Psychoanalytic Emotional Support in Times of War

Panellists: Harold Kudler, Pilar Gavilano, Marianne Leuzinger-Bohleber
Moderator: Marianna Adler

This webinar is in English.
The psychoanalytic world has reacted by organising emotional support links to help refugees, displaced persons and immigrants. Intense episodes of traumatisation, specialised work with children, and harmful reactions in the population justify the construction of international psychoanalytic assistance. These are times of uncertainty that place psychoanalysis as an essential social aid. For this reason, three psychoanalysts propose a reflection that stimulates our understanding of this type of phenomenon.

Moderator: Marianna Adler, PhD (USA)
Marianna is supervising and Training Analyst with the Centre for Psychoanalytic Studies (CFPS), Houston and Austin. Full-time psychology and private psychoanalytic practice, Austin, Texas.

Harold Kudler, M.D. (USA)
Harold is Associate Consulting Professor at Duke University and Adjunct Professor at the United States Uniformed Services University. He co-led the development of joint U.S. Department of Veterans Affairs/Department of Defence Guidelines for the Management of Posttraumatic Stress, advised a Sesame Street series for military families and served as Chief Consultant for Mental Health for the U.S. Department of Veterans Affairs.  He is President of the Psychoanalytic Centre of the Carolinas and Co-Chairs the Service Members and Veterans Initiative of the American Psychoanalytic Association.
Download summary

Title: Psychoanalytic Thoughts on War and Warriors
Abstract: Psychoanalysis had its beginnings in the radical notion that mental disorders may spring from traumatic events.  Freud’s ultimate understanding of psychological trauma crystallised in the aftermath of World War I and the 1918 pandemic, stressors that resonate with today’s events.  Psychoanalytic approaches in such times require special attention to initial engagement in treatment and to the extreme complexities of transference and countertransference, which are almost inevitably encountered in work with survivors of psychological trauma. Traumatic stressors and their powerful effects will be alive within the therapeutic relationship with such intensity that the therapist may bring that trauma home at the end of the day. This may manifest as feelings of fear, anxiety,  incompetence, and hopelessness within the therapist. Both patient and therapist will need to prove “good enough” to tolerate, manage and, ultimately, work through the fundamental challenges of psychological trauma.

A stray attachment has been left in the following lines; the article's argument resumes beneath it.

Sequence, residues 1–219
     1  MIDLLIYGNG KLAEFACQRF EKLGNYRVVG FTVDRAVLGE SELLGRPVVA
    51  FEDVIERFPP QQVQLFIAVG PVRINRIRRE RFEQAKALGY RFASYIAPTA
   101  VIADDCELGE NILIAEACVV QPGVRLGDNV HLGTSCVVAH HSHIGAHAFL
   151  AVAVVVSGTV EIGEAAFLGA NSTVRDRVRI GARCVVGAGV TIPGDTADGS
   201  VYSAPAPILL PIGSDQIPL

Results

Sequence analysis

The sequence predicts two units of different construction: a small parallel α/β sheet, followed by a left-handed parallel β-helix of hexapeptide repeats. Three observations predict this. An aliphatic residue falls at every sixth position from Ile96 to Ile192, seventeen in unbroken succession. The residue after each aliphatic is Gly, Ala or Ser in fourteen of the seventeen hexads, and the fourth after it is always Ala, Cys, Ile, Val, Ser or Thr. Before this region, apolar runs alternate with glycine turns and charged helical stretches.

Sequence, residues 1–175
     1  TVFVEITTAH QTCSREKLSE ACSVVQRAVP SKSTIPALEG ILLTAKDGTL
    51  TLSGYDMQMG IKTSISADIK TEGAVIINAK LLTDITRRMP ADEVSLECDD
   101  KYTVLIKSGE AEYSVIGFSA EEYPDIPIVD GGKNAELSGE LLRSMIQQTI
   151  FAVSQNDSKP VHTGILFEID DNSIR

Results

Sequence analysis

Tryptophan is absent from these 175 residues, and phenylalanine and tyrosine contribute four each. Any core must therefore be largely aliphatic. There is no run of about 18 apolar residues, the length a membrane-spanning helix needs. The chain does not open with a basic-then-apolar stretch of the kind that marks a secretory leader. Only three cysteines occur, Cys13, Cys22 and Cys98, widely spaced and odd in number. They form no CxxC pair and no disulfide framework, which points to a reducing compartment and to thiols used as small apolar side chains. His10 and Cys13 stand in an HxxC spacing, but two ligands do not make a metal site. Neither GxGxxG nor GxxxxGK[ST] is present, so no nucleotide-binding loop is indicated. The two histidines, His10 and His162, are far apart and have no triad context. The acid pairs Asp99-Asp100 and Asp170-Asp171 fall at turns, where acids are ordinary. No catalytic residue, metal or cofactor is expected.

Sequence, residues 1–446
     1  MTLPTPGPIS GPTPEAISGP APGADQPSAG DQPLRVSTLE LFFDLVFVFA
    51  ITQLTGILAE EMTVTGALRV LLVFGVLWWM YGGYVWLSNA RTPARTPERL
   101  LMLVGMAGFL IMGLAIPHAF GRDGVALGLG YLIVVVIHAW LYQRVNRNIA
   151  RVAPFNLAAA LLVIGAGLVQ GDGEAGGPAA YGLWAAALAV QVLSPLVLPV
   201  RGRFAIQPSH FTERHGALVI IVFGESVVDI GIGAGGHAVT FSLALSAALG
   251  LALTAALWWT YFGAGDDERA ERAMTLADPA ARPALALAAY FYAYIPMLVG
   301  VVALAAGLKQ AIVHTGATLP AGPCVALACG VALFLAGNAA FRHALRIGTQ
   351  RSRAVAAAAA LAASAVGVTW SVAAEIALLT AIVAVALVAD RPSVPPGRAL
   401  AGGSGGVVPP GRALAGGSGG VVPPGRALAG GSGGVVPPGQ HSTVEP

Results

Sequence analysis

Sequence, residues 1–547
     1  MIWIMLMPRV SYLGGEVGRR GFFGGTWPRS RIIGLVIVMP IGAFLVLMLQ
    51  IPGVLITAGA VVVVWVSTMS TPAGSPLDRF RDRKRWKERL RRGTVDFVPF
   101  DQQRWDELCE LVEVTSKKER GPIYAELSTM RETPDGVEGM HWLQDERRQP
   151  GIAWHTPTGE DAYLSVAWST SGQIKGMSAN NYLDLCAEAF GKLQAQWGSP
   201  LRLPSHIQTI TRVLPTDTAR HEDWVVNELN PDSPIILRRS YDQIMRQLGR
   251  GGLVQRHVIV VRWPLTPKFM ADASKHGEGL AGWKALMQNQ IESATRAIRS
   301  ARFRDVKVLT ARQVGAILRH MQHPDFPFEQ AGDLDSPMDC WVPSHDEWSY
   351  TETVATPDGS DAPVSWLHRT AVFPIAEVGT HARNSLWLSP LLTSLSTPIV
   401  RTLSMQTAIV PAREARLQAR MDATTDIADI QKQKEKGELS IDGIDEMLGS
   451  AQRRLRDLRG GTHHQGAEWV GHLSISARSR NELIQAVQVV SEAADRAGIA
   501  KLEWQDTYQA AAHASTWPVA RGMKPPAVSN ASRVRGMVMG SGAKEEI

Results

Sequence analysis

Pilar Gavilano (Perú)
Pilar is a Peruvian Society of Psychoanalysis (SPP) psychoanalyst member. She studied Psychology at the Pontifical Catholic University of Peru and has a master’s degree in Theoretical Studies in Psychoanalysis from the same university. She has taught at the PUCP graduate school and the SPP Institute. She works in private practice and supervision. At the SPP, she has held the library director, vice president, and is currently the president. She created and organised the Emotional Support Line that has been in operation since the start of the pandemic.

Title: Experiences of Psychoanalytic Intervention in Times of Crisis

Abstract: I will present a brief overview of various interventions by members of the Peru Psychoanalytic Society and allied institutions in different critical contexts: the internal armed conflict (1980-92) and its sequelae; the floodings caused by “El Niño Costero” (2007) and the ongoing Covid pandemic. Emphasis will be on contributions that could be important for emotional support interventions during and after the war. 

Marianne Leuzinger-Bohleber (Germany)
She was the director in charge of the Sigmund-Freud-Institute in Frankfurt a.M., Germany (2001-2016), professor emeritus for psychoanalysis at the University of Kassel, is now senior professor at the University medicine in Mainz and Robert S. Wallerstein Fellow. She is a training and supervising analyst of the German Psychoanalytical Association (DPV). 2018/19 she was chair and now is member of the IPA Subcommittee for Migration and Refugees.

Title: Psychoanalytic offers for traumatised refugees - Download abstract 

Abstract: Based on the soon to be published book, Trauma Flight and Migration by the IPA Subcommittee for Migration and Refugees and the UN Committee (editors: V. Elton, M. Leuzinger-Bohleber, V. Pender and G. Schlesinger-Kipp) I would like to point out that psychoanalysts and psychoanalytic institutions in their current engagement in times of war draw on a long cultural-critical tradition of psychoanalysis that started already with Freud, e.g. in his impressive correspondence with Alfred Einstein "Why War". In our current struggle for adequate psychoanalytic offers for Ukrainian refugees in Germany, we are trying to consider the chances but also the limitations in our own psychoanalytic experiences with refugees after the so-called "refugee crisis" (2015) with the experience that Gil Kliman and his colleagues at the Harlem Family Institute (US) have gained in many social crises. It seems to be the order of the day that we as psychoanalysts, with our specific knowledge of the unconscious, engage in the care of traumatized refugees and victims of war, persecution and torture. We try to give a language to their embodied memories of the unbearable, although all our efforts can only be a drop in the deep ocean of human suffering due to man-made-disasters.